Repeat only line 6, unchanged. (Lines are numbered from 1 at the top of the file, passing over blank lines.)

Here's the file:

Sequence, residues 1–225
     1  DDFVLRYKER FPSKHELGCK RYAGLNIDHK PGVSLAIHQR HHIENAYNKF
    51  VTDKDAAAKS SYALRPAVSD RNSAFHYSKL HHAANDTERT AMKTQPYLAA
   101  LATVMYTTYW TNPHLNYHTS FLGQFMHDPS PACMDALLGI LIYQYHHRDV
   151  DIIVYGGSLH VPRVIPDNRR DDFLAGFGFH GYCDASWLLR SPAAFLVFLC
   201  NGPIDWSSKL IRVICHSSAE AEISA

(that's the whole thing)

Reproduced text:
   201  NGPIDWSSKL IRVICHSSAE AEISA